Election Follow-Up: Local ATU President Wins N.Y. City Council Seat; Three Unionists Win Vancouver, Wash., Offices

NEW YORK —Union members won more than just the Boston mayor’s race on Nov. 5, returns from around the country show.  Amalgamated Transit Union Local 1056 President I. Dameek Miller is a new New York City council member, and two unionists won seats on a commission to draft a new charter for Clark County, Wash., which includes Vancouver.  A third won a Fire and Rescue Commission seat.

I. DAMEEK MILLER (center), Amalgamated Transit Union Local 1056 president, won a New York City Council seat in the Nov. 5 election.  His victory was one of several down-ballot wins for unionists nationwide that day.  Photo courtesy the Miller campaign via PAI Photo Service.

I. DAMEEK MILLER (center), Amalgamated Transit Union Local 1056 president, won a New York City Council seat in the Nov. 5 election. His victory was one of several down-ballot wins for unionists nationwide that day. Photo courtesy the Miller campaign via PAI Photo Service.

Following a narrow win in New York’s September Democratic primary for an open seat, Miller, also known as a community organizer, coasted to victory in the fall.  He garnered 96.9% of the vote in his Queens district against a minor-party candidate.

Voters in Vancouver and surrounding Clark County elected 15 freeholders to spend 13 months drafting the charter.  They include Temple Lentz of UFCW Local 555 and Jim Moeller of the Oregon Federation of Nurses and Health Professionals, the Northwest Labor Press reported.  Four other unionists lost freeholder races, while retired Painters officer Dave Town won a seat on Clark’s Fire and Rescue Commission.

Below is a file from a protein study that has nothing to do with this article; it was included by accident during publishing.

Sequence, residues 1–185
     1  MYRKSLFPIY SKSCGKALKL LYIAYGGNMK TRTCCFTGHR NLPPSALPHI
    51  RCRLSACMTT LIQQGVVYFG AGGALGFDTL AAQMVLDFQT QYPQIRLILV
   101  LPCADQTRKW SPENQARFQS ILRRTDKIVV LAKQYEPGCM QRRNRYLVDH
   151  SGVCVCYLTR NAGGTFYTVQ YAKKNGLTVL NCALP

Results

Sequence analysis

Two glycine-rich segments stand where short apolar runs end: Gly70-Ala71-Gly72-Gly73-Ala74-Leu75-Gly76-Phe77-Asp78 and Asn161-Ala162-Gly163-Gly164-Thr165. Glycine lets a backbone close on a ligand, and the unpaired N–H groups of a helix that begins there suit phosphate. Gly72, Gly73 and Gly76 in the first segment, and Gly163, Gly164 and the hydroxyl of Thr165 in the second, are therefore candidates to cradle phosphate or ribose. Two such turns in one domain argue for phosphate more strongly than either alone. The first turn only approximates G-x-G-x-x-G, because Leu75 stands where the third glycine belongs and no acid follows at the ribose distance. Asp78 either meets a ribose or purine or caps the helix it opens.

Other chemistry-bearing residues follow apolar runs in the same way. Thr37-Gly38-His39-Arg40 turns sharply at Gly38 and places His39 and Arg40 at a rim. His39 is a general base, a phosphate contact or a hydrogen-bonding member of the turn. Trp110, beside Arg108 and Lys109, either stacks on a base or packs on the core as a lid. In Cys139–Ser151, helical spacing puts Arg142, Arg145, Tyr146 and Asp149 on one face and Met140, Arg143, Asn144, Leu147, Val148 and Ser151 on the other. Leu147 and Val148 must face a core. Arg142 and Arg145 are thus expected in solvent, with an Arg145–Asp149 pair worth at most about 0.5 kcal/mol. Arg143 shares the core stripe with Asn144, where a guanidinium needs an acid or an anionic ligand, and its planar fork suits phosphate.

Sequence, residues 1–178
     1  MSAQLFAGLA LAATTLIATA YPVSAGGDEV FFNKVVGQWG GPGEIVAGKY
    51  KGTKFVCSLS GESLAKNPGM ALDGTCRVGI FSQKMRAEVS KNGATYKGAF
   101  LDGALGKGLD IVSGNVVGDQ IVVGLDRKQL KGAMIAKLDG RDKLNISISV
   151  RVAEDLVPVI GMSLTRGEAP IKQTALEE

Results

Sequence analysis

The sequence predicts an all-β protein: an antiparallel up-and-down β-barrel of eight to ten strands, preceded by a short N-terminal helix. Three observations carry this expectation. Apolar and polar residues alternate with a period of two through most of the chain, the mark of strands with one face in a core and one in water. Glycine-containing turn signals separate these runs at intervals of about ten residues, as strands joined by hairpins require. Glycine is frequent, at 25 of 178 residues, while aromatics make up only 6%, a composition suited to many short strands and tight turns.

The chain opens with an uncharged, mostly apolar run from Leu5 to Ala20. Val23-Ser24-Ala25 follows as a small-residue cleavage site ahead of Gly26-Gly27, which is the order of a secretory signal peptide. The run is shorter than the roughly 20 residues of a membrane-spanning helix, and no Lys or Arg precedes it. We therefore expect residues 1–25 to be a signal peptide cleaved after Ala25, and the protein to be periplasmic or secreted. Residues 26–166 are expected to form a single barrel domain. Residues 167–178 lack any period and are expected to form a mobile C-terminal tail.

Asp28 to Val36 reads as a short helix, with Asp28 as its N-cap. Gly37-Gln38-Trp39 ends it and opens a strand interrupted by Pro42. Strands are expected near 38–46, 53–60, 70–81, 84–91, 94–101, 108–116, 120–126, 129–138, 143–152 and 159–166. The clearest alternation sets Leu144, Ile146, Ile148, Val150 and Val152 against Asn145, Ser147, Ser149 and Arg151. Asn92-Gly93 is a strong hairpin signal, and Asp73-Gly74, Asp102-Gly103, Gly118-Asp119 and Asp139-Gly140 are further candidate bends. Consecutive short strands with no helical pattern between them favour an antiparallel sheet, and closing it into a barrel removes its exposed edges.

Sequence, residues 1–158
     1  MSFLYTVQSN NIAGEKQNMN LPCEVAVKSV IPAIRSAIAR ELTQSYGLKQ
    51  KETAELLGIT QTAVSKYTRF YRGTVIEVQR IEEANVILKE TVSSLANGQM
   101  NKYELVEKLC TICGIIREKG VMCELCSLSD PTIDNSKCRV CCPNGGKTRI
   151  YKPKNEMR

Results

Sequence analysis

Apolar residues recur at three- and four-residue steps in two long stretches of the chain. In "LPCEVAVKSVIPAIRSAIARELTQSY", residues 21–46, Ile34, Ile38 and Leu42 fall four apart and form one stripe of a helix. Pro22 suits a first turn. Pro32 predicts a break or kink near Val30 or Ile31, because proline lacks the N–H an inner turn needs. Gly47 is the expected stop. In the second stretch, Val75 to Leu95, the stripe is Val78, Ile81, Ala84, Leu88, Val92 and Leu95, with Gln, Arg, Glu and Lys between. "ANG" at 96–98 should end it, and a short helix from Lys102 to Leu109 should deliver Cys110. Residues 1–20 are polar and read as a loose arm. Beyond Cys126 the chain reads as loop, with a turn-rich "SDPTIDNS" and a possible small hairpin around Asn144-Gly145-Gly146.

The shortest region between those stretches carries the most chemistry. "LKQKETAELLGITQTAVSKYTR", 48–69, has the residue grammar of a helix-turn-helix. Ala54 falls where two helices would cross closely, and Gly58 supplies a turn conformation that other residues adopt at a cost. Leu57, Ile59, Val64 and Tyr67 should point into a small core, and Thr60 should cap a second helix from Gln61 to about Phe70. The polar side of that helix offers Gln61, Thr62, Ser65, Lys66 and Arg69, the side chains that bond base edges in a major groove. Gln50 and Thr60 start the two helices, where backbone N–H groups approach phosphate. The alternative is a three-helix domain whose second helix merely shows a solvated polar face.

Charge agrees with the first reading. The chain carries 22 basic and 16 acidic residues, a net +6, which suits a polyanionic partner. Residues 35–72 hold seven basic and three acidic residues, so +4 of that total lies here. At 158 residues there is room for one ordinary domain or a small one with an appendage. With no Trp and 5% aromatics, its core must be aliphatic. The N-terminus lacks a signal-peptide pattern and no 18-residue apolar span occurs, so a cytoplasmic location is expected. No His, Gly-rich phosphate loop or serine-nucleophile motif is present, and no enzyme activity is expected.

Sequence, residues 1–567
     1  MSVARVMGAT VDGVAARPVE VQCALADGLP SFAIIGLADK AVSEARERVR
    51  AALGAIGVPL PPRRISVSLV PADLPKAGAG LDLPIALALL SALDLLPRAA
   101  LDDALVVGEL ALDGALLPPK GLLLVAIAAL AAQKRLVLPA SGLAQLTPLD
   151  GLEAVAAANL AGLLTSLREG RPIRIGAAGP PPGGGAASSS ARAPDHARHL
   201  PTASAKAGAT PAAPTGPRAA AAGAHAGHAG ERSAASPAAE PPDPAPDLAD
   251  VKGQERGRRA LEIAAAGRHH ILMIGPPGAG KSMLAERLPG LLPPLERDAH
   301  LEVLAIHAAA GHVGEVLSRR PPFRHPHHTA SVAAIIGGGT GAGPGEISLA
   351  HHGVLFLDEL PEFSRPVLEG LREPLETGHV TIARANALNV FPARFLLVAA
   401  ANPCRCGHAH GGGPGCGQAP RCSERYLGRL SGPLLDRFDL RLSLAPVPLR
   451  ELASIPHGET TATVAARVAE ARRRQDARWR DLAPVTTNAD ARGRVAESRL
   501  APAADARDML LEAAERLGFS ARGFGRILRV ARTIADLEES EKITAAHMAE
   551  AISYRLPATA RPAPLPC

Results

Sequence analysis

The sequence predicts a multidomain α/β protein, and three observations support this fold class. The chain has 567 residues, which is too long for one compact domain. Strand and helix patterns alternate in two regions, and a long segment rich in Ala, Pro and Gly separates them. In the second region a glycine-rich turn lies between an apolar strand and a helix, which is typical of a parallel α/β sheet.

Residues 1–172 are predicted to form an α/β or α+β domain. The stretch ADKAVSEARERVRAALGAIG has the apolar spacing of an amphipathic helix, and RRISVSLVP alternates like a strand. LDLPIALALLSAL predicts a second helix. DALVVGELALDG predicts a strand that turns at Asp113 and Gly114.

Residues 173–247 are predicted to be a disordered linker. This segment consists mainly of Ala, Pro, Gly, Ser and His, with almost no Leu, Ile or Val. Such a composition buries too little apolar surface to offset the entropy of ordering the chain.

Miller, Town, Lentz and Moeller join the ranks of active unionists in elected jobs, a roster now headed by Boston’s Mayor-elect, Martin Walsh (D), a Laborers Local 223 member and former president of the city’s Building Trades Council.  And all this could be a prelude to next year.  If U.S. Rep. Mike Michaud, D-Maine, wins next fall against a GOP Tea Party incumbent, he’ll have a new title: Governor.

Unionists also racked up a win in New Jersey.  Though Gov. Chris Christie, R-N.J., who hacked at state workers’ pensions and teachers’ tenure, won re-election in a landslide, he had no coattails.  Unions put together a concerted drive, including voluntary campaign finance dollars, to successfully keep the legislature Democratic.

“There was a void, something was missing, particularly amongst labor views,” New York’s Miller told the Queens Courier after his primary win.  “There have been very tough times for labor and working families.  We said we needed to be in City Hall.  We said we needed to be at the table.  We’re at that table now.”

Miller has been at the table, speaking for transit unions.  Besides heading his ATU local, which represents drivers and mechanics in the Metropolitan Transportation Authority’s Queens Bus Division, Miller co-chairs the MTA Labor Coalition of 29 unions representing more than 60,000 transit workers.  His website adds that Miller negotiated the first-ever child-care payment provision in a municipal union contract.

It also says he led successful fights for better wages, working conditions and benefits, and safety reforms at the MTA.  He told the Queens paper his top city council priorities would be upgrading education, transportation and job opportunities.

-PAI